backwards, looking forwards
light of a half moon twinkled on the black waters. A clear luminous
evening had descended into the crystal blackness of an autumn night
as Old Possum and I rode the ferry to Manly to meet Joadja for dinner
at the Café Tunis.
leaned on the rail with the wind in our fur and soaked up the night,
for life is too short to waste a trip on the Manly ferry.
skein of crazy seagulls flew alongside. We could almost have reached
out and touched them. They were using the ferry's lights to spot small
prey in the water, but some of them flew all the way without getting
anything. It seemed awfully futile.
what do you think will happen to the economy next?" I asked. "We
aren't hearing much talk about 'the greatest share-owning democracy
in the world' any more. A lot of simple folk who invested in things
like Telstra have lost a lot of money already".
backwards, history is a cartoon. Looking forwards it's a movie running
in slow motion", he said, leaning back to duck a surge of spray
that came over the gunwale as we dipped into the swell.
back, everything seems simple and clear-cut, logical and obvious. The
way things unfolded to the participants loses its confusion and its
detail and mythologies fill the vacuum.
repeats itself, but not exactly, and people seize on the new features
to calm their fears. You know how you hear them say: 'It can't happen
again because ... ', or 'Things are different now because ... 'or even
'They know how to stop it happening nowadays'. As often as not, the
things they think will crash-proof the economy are really making it
more susceptible to disaster.
what's the mechanism? What drives a market crash?" I asked, for
I have always had an investigator's fascination with the mechanics of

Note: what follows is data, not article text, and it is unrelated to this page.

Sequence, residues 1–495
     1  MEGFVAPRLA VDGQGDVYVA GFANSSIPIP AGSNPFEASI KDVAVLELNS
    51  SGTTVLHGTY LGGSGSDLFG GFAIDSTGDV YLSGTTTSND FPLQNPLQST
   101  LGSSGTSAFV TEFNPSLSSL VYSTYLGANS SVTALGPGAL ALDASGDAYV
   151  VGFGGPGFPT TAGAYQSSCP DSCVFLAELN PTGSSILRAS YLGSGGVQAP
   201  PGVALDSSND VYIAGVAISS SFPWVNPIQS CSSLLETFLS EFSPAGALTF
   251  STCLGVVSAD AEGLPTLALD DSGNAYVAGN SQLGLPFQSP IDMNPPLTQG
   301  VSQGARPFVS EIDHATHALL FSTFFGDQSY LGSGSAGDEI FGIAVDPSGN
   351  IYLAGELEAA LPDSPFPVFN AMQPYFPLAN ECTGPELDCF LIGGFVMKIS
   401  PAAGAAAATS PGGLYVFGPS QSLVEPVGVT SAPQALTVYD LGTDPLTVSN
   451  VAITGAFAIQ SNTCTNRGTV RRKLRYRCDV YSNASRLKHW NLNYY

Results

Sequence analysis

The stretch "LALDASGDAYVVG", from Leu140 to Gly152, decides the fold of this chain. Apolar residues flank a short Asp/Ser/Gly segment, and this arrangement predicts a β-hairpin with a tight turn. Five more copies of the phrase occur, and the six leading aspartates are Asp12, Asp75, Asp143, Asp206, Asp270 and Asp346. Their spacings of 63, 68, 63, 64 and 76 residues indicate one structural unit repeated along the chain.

no better example of the mechanism that the 1929 crash. The market goes
down step-wise and at each slump more investors get wiped out, but a
new wave of optimists enters it, thinking it's reached the bottom and
they'll buy in cheap, and it'll go up, and they'll make a killing.
each time, the optimism is more brittle. The investors get spooked more
easily, and suddenly they panic again -- anything can trigger it --
and millions more are wiped out.
then it feeds back into what they're now calling -- with unconscious
irony -- 'the real economy'. Suddenly consumers get cautious. People
decide it would be prudent not to borrow for a new car or fridge or
whatever. Trouble is brewing, and it would be better to put some dollars
in the bank, so shops are left with stuff they can't sell and factories
lay off people".
thing to realise is that we are all participants in this out-of-control
ecosystem we call capitalism. That applies to the market analysts and
business journalists too. They aren't just neutral scientific observers
of reality. Ninety-nine per cent of them believe implicitly in capitalism
-- otherwise they wouldn't be where they are.
the market is ramping up, most don't want to look like doomsayers. They
don't want to be 'irresponsible' or 'negative', so they go along with
the mysticism of the boom. Some of them (it will soon transpire) are
even accepting favours to boost certain stocks. Then, when things start
to go wrong, they suddenly switch sides in droves. They start ringing
the warning bells -- now they don't want to look irresponsible if it
really is a crash -- and that feeds the general uncertainty."
other words there's negative feedback loop, a chain reaction downwards",
ferry slid in towards the wharf. Yes, I thought, if you hadn't been
here before, you'd never guess that the great black Pacific Ocean lies
just beyond this blaze of light.
in Whispers from the mean streets
-- Best of 2000